Introduction: This report highlights the need to consider liver fluke as a differential for liver disease in the donkey and the need for correct faecal sampling and treatment.
History and Clinical signs: An 11 year old donkey gelding was referred to investigate ongoing weight loss, elevated liver enzymes, hypoalbuminemia and eosinophilia. The donkey had received treatment for suspected colitis with moxidectin and prednisolone. The feed had been increased and dental correction performed as necessary. A routine strongyle faecal egg count had 0 epg. 1 week prior to referral, the donkey had developed pyrexia and dullness, which responded to Flunixin.
Examination and Diagnostic findings: The donkey was in BCS 2 /5. T 38, HR 64, RR 20, gut sounds and rectal examination were unremarkable. A routine oral glucose absorption test was normal. The only significant finding on ultrasound examination of the abdomen were changes in the liver parenchyma; large numbers of abnormally dilated bile ducts and blood vessels disrupted the liver architecture. A liver biopsy was not performed due to concerns about the risk of penetrating a vessel.
A full examination of the donkey’s parasite history revealed that there was an episode of liver fluke (Fasciola hepatica) noted 1 year prior to referral that had been treated with Triclabendazole at 18mg/kg oral. Subsequent tests had given two negative faecal egg tests for fluke at intervals of 16 and 35 days.
A repeat faecal examination was performed testing for liver fluke, which proved positive at the time of examination.
Treatment plan: Treatment was initiated with Closantel orally at 20mg/kg repeated after 8 weeks. A balanced diet supplemented by a vitamin /mineral supplement was provided.
Outcome: Subsequent faecal tests for fluke over the following 1 year have remained negative. Liver values and haematology returned to normal within 15 days. A repeat Ultrasound examination after 3 months showed the vasculature returned to normal size and the parenchyma appeared to be grossly normal. The donkey gained 23 kg in weight over the following 48 days and was scored at BCS 3/5.
Discussion: Fasciola hepatica (Liver fluke) infection is recognised in horses and donkeys, but few reports detail individual cases. The infection prevalence in UK donkeys based on faecal analysis has been variably stated as 4-8% (Matthews and Burden, 2013), and 9% in a recent study of 596 donkeys (Barrio pers. comm 2019). Howell et al. 2019 described a sero-prevalance of Fasciola based on a horse specific ELISA at 8.7% in a survey of 183 UK horses.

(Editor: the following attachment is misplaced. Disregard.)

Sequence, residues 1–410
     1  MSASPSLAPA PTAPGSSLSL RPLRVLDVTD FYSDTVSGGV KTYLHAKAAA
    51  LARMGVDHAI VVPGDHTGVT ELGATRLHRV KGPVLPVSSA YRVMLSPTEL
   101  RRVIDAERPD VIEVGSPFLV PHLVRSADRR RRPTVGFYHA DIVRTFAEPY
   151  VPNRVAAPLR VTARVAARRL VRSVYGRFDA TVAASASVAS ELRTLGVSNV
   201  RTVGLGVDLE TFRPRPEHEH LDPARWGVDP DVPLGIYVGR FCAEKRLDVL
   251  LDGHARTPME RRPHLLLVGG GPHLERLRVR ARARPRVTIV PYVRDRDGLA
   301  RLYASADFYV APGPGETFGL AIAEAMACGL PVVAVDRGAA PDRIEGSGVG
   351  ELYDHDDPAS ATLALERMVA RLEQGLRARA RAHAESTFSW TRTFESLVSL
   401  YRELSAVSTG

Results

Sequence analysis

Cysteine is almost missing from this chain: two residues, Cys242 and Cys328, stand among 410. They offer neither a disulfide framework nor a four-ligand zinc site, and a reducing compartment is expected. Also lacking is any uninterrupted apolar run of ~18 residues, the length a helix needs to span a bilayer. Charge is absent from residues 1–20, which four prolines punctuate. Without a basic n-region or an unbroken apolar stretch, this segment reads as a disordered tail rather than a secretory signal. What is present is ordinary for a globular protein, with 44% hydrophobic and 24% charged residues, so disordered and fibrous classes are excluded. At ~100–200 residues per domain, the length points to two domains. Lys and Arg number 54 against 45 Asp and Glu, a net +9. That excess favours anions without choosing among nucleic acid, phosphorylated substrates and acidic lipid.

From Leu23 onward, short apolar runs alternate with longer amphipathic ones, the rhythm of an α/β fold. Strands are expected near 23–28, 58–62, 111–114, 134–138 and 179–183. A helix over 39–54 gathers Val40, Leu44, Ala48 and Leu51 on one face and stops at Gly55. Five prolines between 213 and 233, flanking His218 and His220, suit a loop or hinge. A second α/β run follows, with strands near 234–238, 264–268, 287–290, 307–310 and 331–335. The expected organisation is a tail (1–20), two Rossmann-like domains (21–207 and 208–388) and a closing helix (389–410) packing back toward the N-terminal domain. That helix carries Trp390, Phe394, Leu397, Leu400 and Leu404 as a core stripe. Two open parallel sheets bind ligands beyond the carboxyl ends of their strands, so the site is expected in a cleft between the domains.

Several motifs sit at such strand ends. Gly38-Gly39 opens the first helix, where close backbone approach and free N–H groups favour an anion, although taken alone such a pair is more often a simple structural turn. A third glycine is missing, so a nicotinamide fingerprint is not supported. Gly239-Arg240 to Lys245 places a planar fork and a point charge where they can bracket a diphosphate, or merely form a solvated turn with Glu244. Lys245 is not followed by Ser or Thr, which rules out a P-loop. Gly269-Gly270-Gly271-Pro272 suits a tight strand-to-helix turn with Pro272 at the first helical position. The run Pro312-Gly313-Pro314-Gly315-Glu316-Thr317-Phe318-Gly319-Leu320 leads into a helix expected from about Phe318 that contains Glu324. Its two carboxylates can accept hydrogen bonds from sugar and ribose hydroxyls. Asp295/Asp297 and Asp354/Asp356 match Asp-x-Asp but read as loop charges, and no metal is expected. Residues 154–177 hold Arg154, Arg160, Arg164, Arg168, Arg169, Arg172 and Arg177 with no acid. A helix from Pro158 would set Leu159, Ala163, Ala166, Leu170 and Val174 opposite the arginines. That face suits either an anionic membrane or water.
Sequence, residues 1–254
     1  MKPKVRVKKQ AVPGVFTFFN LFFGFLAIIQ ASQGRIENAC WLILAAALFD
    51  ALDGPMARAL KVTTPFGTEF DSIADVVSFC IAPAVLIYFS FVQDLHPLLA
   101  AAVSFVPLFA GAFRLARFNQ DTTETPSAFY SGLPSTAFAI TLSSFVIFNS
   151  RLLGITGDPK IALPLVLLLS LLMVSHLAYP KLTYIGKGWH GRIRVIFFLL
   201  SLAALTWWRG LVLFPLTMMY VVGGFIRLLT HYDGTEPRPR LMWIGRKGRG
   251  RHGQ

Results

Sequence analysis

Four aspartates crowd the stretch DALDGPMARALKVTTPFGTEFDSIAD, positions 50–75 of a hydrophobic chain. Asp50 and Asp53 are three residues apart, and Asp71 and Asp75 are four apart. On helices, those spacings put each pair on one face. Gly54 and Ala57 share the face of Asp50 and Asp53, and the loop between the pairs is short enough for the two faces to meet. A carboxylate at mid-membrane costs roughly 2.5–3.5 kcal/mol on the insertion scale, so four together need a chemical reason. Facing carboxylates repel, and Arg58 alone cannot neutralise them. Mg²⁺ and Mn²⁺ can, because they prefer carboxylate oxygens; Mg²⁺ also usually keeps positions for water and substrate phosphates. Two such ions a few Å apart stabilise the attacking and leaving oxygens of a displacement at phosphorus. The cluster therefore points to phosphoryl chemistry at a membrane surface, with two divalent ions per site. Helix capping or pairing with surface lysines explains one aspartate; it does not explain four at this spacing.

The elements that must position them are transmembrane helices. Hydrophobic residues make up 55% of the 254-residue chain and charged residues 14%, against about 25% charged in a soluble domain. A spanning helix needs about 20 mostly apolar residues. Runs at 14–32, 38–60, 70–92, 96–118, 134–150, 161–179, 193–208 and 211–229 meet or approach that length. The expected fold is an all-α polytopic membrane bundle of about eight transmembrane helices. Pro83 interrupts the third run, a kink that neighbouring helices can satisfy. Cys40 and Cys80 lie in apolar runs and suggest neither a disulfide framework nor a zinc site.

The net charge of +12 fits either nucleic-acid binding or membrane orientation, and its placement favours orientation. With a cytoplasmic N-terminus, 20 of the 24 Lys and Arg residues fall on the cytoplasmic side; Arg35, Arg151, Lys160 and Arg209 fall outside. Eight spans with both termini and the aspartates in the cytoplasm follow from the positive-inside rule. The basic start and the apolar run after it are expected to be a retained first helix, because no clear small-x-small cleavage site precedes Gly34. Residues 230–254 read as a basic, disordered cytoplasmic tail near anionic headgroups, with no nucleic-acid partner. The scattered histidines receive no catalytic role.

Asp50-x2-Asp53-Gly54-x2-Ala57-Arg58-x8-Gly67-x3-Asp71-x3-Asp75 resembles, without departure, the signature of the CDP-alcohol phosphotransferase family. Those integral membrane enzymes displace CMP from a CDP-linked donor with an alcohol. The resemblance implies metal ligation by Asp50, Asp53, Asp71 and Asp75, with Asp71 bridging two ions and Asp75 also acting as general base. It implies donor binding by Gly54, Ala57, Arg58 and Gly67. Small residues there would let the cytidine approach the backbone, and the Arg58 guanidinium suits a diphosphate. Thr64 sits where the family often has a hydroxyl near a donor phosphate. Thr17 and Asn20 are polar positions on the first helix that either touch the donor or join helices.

Clinical signs and liver pathology are usually considered to be mild.
Fox et al. (2011) describe an increasing infection risk with liver fluke across the UK due to climate change resulting in wetter, warmer weather that encourages the survival and development of the free living stage of the parasite and intermediate snail host. Equines are at risk if they co graze pastures with ruminants that carry the parasite.
There are no licensed products for treatment of liver fluke in equines and there is reported resistance to some products. After treatment repeat sampling is required and a further flukicide treatment may be needed.
Fox, N.J., White, P.C., McLean, C.J., Marion, G., Evans, A. and Hutchings M.R. (2011) Predicting impacts if climate change on Fasciola hepatica risk PLoSOne Jan 10; 6 (1) 0. e16126 doi.10.1371/journal.pone.0016126.
Howell, A.K., Malalana, F., Beesley, N.J., Hodgkinson, J.E., Rhodes, H., Sekiya, M., Archer, D., Clough, H.E., Gilmore, P., and Williams, D.J.L.( 2019) Fasciola hepatica in UK horses . Equine Vet J. https://doi.org/10.1111/evj.13149
Matthews, J.B. and Burden F.A (2013) Common helminth infections of donkeys and their control in temperate climates. Equine Vet. Educ 25 (9) 461-467